STANDARD OF REVIEW

In reviewing a motion for summary judgment, the appellate court applies the same standard of review as the trial court under Rule 56, SCRCP.  Cowburn v. Leventis, 366 S.C. 20, 30, 619 S.E.2d 437, 443 (Ct. App. 2005) (citing Trousdell v. Cannon, 351 S.C. 636, 572 S.E.2d 264 (2002)).  The judgment may be affirmed only if there is no genuine issue of material fact and the moving party is entitled to judgment as a matter of law.  Rule 56, SCRCP.    The reviewing court must consider the facts and inferences in the light most favorable to the nonmoving party.  Estate of Cantrell by Cantrell v. Green, 302 S.C. 557, 559, 397 S.E.2d 777, 779 (Ct. App. 1990) (citing Stratos v. King, 282 S.C. 501, 319 S.E.2d 356 (Ct. App. 1984)).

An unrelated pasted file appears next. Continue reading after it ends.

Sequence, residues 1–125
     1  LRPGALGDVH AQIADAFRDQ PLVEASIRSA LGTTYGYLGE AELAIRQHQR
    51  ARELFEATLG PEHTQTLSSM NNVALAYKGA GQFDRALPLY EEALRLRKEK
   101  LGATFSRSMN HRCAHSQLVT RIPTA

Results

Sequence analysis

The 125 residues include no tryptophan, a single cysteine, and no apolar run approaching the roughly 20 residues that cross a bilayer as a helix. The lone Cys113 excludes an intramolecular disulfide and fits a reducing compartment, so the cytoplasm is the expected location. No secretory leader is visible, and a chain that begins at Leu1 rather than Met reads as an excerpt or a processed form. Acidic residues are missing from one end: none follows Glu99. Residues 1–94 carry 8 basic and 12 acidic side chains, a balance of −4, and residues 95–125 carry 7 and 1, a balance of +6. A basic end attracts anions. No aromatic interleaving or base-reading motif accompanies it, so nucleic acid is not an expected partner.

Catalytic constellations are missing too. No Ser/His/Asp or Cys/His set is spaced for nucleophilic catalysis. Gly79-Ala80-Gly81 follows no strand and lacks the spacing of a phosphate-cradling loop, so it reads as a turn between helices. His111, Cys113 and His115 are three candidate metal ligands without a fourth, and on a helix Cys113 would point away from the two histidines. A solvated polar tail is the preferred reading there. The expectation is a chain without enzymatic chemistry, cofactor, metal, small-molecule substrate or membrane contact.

LAW/ANALYSIS

Doe contends the trial court erred in finding his cause of action to be time barred under the statute of limitations.  We disagree.

Doe brought suit alleging intentional infliction of emotional distress and battery under section 15-3-555 of the South Carolina Code (Supp. 2005).  This statute went into effect on August 31, 2001, and  provides a sexual abuse victim with three years from the date of discovery of the causal relationship between the injury and the sexual abuse to file a cause of action. 

However, DuCharme moved for summary judgment based on sections 15-3-530(5) and 15-3-40 of the South Carolina Code (1976).  These sections of law represented the statutes of limitation governing sexual abuse causes of action prior to August 31, 2001.  Section 15-3-530(5) (1976) allowed a sexual abuse victim to file within six years from the date the victim knew or should have known that he had a cause of action.[2]  Section 15-3-40 raised exceptions to the six year statute of limitations requirement.[3]  More specifically, section 15-3-40 (Supp. 2005)  states: